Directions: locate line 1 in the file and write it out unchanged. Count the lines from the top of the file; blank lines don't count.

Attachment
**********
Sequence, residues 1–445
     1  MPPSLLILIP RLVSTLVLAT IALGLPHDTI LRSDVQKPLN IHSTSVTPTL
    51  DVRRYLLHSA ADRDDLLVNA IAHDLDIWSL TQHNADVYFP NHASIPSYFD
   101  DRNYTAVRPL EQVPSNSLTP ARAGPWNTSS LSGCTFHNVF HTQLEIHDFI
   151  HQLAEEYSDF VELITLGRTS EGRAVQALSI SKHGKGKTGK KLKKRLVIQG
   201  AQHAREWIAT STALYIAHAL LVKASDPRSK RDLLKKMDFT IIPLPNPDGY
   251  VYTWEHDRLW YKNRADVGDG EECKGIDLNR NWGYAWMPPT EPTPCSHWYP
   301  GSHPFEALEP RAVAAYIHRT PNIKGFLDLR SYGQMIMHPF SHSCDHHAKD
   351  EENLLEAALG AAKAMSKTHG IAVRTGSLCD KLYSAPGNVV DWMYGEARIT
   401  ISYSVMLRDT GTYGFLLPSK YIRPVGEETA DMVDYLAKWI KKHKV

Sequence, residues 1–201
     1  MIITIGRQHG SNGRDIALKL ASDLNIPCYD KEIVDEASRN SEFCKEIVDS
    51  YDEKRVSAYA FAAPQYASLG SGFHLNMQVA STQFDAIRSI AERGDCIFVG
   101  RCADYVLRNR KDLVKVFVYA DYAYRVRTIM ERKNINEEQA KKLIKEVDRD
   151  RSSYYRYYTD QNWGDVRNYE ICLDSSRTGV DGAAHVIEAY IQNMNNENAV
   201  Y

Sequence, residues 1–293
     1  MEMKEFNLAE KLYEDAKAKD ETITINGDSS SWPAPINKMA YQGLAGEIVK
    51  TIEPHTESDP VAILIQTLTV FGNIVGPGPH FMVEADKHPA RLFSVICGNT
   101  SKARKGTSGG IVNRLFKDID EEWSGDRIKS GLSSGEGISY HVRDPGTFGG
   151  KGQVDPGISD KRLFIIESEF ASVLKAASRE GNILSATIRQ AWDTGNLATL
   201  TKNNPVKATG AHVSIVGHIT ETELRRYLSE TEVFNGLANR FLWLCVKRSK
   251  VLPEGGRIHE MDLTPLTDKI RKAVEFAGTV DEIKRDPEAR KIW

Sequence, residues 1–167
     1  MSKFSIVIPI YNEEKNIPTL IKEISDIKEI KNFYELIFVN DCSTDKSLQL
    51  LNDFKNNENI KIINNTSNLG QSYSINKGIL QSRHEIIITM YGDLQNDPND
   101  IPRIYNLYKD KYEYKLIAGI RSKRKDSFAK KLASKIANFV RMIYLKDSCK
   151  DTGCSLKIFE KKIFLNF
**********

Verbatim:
Sequence, residues 1–445